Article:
TH: Yes, absolutely, as always in our games. If you don’t have that, or if you choose wrongly, the game will continue. Someone might get injured or worse, but the game will always continue. You will always get a really strong narrative, but absolutely the tools in places really tie strongly into the narrative and have a really big impact on the narrative, up to and including people dying.
Dying and game length
CH: Which is always what people focus on: the choices and how it can lead to how many characters survive the night and how many characters die. Is there anything you can kind of tell me about the number of permutations or choices or how many ways there are to die in this game?
TH: I can’t give exact numbers. There are lots of ways to die and we always have lots of ways to die. That’s one of the things that people are looking for in this sort of game. They’re playing a horror movie if you like. So they want to see some deaths and the deaths have to be over the top and usually pretty gory. And they have to mean something. They can’t just be people dying. You have to have got to know those people and feel for them and feel the loss. So there are a lot of deaths. I haven’t got a number, but there’s plenty and they are spectacular. I think it’s one of the great things about this setup, the serial killer and the hotel full of traps is there are some really, really horrible deaths and we’ve enjoyed making those.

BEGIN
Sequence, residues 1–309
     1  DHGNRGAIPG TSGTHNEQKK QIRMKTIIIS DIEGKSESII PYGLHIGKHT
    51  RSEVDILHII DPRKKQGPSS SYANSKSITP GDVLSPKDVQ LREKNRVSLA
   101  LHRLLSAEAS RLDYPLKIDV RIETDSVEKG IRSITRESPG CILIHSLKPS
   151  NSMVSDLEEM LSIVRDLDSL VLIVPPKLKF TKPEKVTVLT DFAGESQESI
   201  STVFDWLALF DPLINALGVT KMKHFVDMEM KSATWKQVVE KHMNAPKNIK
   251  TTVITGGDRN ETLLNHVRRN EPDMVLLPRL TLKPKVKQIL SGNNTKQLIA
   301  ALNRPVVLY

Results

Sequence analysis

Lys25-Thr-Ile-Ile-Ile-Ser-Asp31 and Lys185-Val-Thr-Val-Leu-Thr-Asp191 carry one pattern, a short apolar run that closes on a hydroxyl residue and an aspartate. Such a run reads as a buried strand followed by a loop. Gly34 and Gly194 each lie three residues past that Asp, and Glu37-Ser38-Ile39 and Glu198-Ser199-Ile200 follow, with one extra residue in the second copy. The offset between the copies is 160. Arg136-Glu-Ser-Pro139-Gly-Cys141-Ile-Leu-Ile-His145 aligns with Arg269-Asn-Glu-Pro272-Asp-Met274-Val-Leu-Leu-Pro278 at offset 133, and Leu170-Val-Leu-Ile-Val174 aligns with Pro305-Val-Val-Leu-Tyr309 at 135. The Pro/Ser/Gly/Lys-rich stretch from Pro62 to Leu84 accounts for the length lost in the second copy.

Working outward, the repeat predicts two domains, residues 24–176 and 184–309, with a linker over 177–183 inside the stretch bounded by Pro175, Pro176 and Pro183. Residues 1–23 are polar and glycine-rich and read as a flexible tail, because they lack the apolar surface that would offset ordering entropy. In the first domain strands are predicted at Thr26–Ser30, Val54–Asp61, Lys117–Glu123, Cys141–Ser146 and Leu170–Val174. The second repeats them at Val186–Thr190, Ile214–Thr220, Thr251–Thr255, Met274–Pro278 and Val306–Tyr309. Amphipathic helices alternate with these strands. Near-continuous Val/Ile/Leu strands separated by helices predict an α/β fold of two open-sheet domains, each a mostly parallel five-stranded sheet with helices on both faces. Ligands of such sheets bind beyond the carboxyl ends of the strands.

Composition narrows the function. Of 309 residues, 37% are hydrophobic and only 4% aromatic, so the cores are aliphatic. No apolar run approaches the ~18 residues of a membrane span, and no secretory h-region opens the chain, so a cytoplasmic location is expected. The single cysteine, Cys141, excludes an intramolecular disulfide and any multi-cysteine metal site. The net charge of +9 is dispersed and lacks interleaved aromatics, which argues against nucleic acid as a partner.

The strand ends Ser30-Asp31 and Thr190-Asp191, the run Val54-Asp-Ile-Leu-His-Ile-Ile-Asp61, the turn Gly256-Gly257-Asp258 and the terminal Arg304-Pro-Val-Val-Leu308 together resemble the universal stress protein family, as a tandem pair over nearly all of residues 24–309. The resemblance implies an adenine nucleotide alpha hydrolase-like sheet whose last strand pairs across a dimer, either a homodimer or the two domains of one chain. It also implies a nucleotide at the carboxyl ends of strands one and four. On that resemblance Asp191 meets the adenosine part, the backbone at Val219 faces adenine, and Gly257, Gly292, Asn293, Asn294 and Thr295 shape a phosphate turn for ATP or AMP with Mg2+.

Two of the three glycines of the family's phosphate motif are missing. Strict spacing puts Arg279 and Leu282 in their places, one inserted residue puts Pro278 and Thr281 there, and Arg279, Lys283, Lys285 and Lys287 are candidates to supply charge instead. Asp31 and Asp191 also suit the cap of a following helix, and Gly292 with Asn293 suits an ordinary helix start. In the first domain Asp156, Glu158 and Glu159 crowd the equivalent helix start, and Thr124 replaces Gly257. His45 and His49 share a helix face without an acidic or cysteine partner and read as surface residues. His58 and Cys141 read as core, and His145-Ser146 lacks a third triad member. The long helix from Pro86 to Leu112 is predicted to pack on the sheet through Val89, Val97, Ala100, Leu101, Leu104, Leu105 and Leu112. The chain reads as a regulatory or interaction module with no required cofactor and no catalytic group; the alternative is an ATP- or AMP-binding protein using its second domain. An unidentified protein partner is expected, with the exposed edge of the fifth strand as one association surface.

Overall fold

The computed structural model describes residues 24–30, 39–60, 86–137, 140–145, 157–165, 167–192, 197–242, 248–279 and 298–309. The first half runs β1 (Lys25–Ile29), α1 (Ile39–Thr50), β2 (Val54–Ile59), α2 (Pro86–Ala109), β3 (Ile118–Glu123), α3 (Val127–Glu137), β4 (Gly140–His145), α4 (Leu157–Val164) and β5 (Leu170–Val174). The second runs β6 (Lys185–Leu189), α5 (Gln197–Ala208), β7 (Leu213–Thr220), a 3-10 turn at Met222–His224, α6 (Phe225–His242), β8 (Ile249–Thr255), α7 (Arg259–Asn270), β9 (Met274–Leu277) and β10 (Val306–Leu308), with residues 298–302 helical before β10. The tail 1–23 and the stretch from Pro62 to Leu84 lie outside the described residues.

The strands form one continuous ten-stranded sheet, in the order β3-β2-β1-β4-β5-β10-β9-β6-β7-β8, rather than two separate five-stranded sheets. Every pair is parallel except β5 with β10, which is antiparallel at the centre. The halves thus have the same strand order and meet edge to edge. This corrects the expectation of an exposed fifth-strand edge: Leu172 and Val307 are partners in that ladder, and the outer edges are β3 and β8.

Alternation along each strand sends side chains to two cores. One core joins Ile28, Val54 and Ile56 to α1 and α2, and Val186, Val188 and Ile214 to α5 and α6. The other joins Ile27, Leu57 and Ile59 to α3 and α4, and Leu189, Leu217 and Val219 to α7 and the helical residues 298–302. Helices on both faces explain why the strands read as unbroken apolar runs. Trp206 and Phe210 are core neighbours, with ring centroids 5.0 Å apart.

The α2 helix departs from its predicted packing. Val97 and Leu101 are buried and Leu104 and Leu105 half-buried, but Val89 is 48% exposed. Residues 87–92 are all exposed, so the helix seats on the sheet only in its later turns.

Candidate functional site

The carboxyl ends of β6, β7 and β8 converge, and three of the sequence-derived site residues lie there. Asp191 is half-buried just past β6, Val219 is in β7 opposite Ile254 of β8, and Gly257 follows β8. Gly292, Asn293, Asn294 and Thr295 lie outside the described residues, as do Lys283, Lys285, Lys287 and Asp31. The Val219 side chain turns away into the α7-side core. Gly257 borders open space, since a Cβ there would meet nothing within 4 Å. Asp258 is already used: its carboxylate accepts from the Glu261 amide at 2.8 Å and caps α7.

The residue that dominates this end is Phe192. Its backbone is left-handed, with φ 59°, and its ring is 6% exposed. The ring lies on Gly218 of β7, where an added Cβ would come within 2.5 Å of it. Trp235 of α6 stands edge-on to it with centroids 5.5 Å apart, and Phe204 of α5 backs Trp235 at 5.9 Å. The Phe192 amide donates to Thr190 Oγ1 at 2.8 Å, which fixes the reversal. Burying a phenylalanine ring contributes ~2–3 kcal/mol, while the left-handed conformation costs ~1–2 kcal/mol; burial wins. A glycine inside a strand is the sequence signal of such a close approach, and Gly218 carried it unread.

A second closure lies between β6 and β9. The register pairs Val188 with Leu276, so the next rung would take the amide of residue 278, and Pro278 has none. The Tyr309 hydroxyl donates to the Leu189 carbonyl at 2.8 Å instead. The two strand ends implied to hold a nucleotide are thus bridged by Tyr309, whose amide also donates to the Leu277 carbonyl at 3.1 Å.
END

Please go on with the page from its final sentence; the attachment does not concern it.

CH: I think you have to enjoy that aspect of it, right? If you’re making a Dark Pictures game. Another thing I want to talk about was the runtime. I think it’s about 7, maybe 7 to 8 hours to play through, which is a little bit longer than some of the other games earlier in the series. Is it just that there is more story to tell here? Or is there something else at play that makes this a longer experience?
TH: I think there are a few things, we’re always learning on the Dark Pictures. We’re always looking at what we’ve made and looking at how people have responded to it, the press, but also the fans and how we feel about it ourselves. And one of the things we were looking at was a shift to a longer game time. It allows us to tell the story more fully. It allows us to spend more time with the characters and get to know them more and for them to undergo change and have those character arcs that people really value.
So yes, that was part of why the runtime will be over 7 hours. People play games in different ways. So some people, if they’re looking for every single secret read every single thing they find and they’ll spend a bit more than that. But it will be over 7 hours. And I think as well we’ve got all these new gameplay mechanics that need some space as well. Players need a bit of time to get to know that. So that’s another factor behind it.
CH: So with the bigger game, what’s your favourite scene or part of it that you’re happy to share?